Although the microwave industry is just starting to grow, great progress has already been made in the past year. The first railroad-operated microwave communications system to be established on a permanent basis has been installed by the Chicago, Rock Island and Pacific Railroad along its Denver to Chicago main line. This 5 hop pilot system between Norton and Goodland, Kansas will supplement and perhaps eventually replace wire line communications facilities in an area where snow, wind, sleet, and dust raise havoc with pole lines. Initially, the Rock Island's 6000 megacycle microwave link, 106 miles in length, will provide facilities for a train dispatcher's party-line telephone channel, a party-line message telephone channel, a local party-line telegraph circuit, and four through telegraph circuits.

 - RF Cafe

Lower section of "H" fixture antenna support and microwave equipment shelter. This Philco Type CLR-5 microwave repeater and emergency gasoline engine-driven power generator are housed within the prefabricated concrete slab building. A pair of 4 ft. parabolic antennas are mounted on the- roof.

 - RF Cafe

Four foot parabolic antenna for the 6575-6875 mc. band. The unit has a three degree beam and an effective power gain of 34 db.

The Santa Fe Railway System is installing a 6000 megacycle microwave communications system to provide additional communications facilities between Beaumont and Galveston, Texas. Eight voice channels derived by pulse amplitude modulation will be provided. Three unattended repeater stations are to be installed on the Bolivar Peninsula to make up a four hop relay system. To assure uninterrupted communication, standby microwave equipment will be provided at both terminals as well as at the repeaters. An automatic fault-alarm system will advise maintenance personnel at Galveston of equipment or primary power failures as well as identification of the station requiring attention.

In the petroleum industry, a number of pipe line companies are installing microwave relay systems to provide direct communication between pumping stations, regional offices, and for remote control of system-wide v.h.f. mobile radio systems. The Humble Pipe Line Company is to install a 6000 megacycle microwave communications system along 400 miles of pipe line between Houston and Kemper, Texas. Two terminals and eighteen intermediate repeater stations will make up the Humble relay system. Pulse amplitude modulated multiplex equipment will provide eight voice channels of which one to four will be dropped off at intermediate repeaters.

The Bonneville Power Administration of the United States Department of the Interior has awarded contracts for equipment for a vast microwave relay system which will blanket the State of Washington. In circuit miles, this will be the largest microwave system ordered to date for non-common carrier service. The Bonneville communications network will also make use of pulse amplitude modulation for deriving up to 24 voice channels. In addition to telephone facilities, the microwave system will also be used for power line relaying, remote control, and the locating of faults along power transmission lines.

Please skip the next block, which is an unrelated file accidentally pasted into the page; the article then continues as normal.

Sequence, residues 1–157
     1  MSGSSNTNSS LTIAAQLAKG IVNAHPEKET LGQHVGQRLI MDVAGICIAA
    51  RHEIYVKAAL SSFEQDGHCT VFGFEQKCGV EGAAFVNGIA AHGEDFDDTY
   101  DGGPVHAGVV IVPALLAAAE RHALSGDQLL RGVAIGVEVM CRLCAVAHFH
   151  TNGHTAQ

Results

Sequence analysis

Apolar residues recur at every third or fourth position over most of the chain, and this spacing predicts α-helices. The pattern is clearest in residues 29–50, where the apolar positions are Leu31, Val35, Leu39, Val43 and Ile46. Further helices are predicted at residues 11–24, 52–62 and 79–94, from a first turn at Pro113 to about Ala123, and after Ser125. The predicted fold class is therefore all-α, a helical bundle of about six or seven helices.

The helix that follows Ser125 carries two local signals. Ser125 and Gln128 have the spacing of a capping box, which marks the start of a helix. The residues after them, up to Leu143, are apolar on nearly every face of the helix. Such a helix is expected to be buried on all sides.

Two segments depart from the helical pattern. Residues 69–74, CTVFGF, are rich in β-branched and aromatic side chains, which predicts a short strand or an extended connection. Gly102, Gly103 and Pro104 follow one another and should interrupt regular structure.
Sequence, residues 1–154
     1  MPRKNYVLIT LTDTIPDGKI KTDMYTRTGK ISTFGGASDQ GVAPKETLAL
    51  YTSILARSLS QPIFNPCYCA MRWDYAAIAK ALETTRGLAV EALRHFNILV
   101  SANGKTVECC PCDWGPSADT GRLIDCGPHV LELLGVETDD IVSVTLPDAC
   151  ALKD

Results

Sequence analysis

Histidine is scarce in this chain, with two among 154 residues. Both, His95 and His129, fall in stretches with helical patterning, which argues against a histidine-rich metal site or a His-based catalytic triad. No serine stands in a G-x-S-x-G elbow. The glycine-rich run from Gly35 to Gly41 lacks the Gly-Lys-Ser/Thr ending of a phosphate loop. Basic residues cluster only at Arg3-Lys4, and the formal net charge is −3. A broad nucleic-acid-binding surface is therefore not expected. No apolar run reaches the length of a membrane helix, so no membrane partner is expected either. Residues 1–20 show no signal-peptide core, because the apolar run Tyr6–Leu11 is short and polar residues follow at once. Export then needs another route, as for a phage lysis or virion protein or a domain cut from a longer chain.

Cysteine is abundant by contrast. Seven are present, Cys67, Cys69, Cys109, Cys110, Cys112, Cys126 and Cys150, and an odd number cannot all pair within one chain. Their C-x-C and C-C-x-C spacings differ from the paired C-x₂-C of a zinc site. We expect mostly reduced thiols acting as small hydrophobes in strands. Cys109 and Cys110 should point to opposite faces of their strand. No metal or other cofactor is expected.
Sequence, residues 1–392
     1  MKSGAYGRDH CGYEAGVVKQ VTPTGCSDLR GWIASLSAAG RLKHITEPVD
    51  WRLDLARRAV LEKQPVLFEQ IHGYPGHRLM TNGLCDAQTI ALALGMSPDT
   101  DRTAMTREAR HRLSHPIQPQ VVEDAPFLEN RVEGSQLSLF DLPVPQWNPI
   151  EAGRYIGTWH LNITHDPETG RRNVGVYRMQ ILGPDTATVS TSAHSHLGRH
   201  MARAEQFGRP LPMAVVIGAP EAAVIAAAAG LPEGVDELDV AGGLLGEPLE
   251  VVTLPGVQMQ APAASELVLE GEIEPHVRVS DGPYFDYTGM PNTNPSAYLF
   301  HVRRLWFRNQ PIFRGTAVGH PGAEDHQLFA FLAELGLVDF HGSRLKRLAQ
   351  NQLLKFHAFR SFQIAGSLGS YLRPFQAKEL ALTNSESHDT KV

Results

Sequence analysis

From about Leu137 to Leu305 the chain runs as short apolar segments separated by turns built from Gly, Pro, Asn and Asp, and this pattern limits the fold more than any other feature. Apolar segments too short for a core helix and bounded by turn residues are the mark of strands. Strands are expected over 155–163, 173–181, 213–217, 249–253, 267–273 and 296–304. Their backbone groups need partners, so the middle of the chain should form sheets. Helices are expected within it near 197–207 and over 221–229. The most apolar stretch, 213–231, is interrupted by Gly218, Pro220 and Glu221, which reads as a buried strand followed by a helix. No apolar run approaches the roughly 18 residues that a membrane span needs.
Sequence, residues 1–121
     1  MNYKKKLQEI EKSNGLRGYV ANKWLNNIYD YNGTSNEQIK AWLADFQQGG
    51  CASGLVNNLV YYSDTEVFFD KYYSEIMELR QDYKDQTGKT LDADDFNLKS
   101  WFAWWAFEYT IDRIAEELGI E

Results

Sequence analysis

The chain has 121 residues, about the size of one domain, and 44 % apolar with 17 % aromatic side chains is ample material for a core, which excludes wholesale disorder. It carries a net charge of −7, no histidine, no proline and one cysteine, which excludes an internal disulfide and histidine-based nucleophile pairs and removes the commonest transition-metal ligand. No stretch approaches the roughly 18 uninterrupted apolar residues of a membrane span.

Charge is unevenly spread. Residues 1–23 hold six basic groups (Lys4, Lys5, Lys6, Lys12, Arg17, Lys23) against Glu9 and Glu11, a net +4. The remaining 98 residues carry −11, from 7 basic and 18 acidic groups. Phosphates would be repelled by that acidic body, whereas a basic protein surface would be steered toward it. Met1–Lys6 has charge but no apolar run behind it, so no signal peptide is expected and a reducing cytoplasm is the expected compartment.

For relaying of television programs, a number of microwave relay systems have already been installed and many more are projected. A 6000 megacycle microwave link installed by the Western Union Telegraph Company has been in continuous operation for over two years. This link extends from the Chrysler Building in New York to the P.S.F.S: Building in Philadelphia via two intermediate repeaters located at Neshanic and Mt. Laurel, N. J. Paralleling this link is the Philco-owned television relay which links the Empire State Building in New York with the WPTZ transmitter at Philadelphia. One intermediate repeater at Mt. Rose, N. J., joins the two terminals.

The American Telephone & Telegraph Company has a number of microwave relay systems in operation and according to the newspapers many more are planned. In April of 1950, a 6000 megacycle microwave relay system was placed in service between Richmond and Norfolk, Virginia, by the Bell System to feed network TV programs to the Hampton Roads area.

It is obvious that the microwave relay art has emerged from the experimental stage to become a vital part of the nation's communications system. In times of national emergency, microwave relay systems can be used to augment existing wire line facilities and they can be installed in much less time. Economically, wire lines cannot compete, as the cost of a microwave communications system runs from only $400 to $800 per mile. The current estimated cost of building a two-wire pole line runs from $800 to $1500 per mile. A pair of wires will provide one telephone circuit unless multiplexed. The number of channels that can be derived from a single pair of wires is limited by electrical losses. Multi-channel carrier equipment for wire line telephony is more expensive and more complex than microwave multiplex equipment.

Performance-wise, the microwave relay, being less vulnerable to storms, should provide greater reliability than overhead wire lines. Furthermore, it will carry more types of intelligence and can be expanded more readily and at lower cost. Microwave systems have provided uninterrupted service during snow, sleet, and wind storms which have prostrated wire lines. With well designed equipment and adequate preventive maintenance, reliability approaching 100% can be attained.

The year 1950 will be recorded historically as the year the microwave relay made its impact felt.



Posted April 7, 2022